1. One or two generations ago refined taste in music meant familiarity with a fairly limited (and stable, learnable) Western concert music repertoire. Today that refinement is reflected through a carefully cultivated, willfully eclectic cosmopolitanism. The déclassé listener likes or understands only one genre of music or a limited genre of music. Even apprentice aesthetes know the opening gambit is “I like everything.” “I don’t listen to any particular genre.” Only later do the same predictable references emerge, interspersed with enough surprises to keep others guessing and demonstrate ingenuity. There is still Bach and Mozart, but they are joined by countless others.
2. Snobbery of genre still exists but it is now more specialized and subcultural (or limited by age). It has been replaced by a profusion of snobbery in equipment (which has existed for a century but is now less specialized). There are legions of self-described experts who proclaim that records have more “fidelity” to a made up source than compact discs. [Wait, what is fidelity?] Other legions will decry digital formats’ “degraded” sound even as they parade around with earbuds that cost pennies to make and distort the audio more than any modern compression algorithm. If your collection of recordings has lost value, equipment is still a refuge for distinguishing yourself from others. The sleek interface of the Apple product or the heady practicality of choosing the cheaper alternative speak volumes of who you are.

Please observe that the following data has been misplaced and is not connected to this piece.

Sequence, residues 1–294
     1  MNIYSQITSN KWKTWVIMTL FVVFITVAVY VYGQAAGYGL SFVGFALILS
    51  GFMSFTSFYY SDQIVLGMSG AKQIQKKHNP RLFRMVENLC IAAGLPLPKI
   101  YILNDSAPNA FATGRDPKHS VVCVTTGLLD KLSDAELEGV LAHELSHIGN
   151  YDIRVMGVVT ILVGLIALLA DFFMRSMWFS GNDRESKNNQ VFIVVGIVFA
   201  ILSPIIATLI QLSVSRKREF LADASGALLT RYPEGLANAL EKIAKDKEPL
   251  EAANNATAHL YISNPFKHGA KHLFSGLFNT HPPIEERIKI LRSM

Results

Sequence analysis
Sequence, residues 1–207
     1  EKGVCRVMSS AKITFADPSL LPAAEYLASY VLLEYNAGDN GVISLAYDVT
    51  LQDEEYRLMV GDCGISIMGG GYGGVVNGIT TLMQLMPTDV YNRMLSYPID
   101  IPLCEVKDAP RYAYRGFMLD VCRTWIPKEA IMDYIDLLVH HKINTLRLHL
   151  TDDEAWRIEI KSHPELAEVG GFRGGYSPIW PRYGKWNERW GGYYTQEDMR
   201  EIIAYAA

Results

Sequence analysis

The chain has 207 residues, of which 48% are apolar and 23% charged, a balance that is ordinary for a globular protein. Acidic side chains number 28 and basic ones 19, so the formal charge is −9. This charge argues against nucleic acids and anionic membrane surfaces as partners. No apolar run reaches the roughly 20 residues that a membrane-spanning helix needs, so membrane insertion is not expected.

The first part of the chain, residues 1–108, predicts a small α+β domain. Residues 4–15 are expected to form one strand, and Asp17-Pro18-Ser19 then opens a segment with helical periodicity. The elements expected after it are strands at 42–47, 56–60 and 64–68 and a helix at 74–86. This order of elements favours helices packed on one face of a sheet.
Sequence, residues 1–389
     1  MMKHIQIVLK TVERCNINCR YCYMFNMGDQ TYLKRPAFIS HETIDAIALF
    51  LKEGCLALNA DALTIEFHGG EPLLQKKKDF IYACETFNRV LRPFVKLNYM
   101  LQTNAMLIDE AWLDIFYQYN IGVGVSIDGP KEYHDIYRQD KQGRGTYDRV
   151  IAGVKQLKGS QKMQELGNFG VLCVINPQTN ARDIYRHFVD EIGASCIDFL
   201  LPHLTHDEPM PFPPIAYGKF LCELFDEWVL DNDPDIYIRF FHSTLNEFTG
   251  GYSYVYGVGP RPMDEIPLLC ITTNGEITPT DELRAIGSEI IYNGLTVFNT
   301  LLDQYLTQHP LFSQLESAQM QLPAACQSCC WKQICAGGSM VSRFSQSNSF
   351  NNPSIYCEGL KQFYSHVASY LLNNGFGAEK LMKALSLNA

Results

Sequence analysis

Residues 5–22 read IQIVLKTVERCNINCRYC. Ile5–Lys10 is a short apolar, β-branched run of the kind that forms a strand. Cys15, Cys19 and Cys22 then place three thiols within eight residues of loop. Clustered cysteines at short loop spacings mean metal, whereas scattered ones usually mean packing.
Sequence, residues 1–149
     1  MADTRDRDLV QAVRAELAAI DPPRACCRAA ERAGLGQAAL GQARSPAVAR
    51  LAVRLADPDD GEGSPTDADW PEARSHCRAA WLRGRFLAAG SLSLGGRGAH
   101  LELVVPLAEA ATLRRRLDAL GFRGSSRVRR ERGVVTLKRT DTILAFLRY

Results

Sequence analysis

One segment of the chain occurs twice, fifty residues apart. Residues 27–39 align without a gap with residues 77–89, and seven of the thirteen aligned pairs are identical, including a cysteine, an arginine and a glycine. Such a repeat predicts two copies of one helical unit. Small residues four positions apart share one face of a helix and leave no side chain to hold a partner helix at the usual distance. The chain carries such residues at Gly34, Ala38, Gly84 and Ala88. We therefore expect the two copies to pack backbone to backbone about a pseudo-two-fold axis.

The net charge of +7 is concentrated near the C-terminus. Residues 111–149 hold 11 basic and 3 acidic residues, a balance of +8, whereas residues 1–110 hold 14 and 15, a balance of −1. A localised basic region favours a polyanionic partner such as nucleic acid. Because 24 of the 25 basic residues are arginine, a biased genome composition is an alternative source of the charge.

3. As in food or painting, one can hardly escape having likes and dislikes — even strong ones. I would not exempt myself. But we must be wary of moral elevations of like and dislike, which, as Bourdieu taught us, is also at the same time an attempt at social elevation.